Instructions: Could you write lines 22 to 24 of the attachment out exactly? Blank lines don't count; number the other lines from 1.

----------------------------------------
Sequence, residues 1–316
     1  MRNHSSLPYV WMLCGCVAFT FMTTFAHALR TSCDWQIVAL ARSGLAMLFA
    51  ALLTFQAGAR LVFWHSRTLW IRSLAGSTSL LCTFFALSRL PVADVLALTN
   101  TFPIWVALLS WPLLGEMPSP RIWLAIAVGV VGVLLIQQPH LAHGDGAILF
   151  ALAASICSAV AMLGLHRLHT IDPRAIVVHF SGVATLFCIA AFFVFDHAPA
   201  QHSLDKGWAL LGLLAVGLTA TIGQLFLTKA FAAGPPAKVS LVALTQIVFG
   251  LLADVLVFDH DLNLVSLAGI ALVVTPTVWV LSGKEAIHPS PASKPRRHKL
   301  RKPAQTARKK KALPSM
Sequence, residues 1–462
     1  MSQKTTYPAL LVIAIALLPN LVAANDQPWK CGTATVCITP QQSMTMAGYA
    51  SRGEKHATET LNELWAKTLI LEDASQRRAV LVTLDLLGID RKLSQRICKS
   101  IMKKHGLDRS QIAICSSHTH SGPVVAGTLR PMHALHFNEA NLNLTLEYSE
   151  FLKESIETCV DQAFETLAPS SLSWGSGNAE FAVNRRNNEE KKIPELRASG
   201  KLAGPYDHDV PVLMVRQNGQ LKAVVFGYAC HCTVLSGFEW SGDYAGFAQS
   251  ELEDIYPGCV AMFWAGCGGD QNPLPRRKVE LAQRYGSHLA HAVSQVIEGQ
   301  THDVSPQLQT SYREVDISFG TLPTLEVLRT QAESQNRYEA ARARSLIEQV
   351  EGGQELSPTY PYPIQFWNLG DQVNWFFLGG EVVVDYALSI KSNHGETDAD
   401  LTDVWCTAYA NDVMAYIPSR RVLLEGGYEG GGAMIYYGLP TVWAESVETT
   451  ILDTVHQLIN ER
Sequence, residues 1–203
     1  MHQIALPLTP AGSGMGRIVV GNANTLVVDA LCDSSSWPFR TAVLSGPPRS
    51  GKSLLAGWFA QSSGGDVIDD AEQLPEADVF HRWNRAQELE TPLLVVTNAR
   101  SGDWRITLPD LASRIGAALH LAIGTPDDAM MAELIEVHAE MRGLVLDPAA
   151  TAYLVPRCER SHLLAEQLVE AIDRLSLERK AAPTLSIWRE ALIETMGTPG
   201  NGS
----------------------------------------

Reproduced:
    51  GKSLLAGWFA QSSGGDVIDD AEQLPEADVF HRWNRAQELE TPLLVVTNAR
   101  SGDWRITLPD LASRIGAALH LAIGTPDDAM MAELIEVHAE MRGLVLDPAA
   151  TAYLVPRCER SHLLAEQLVE AIDRLSLERK AAPTLSIWRE ALIETMGTPG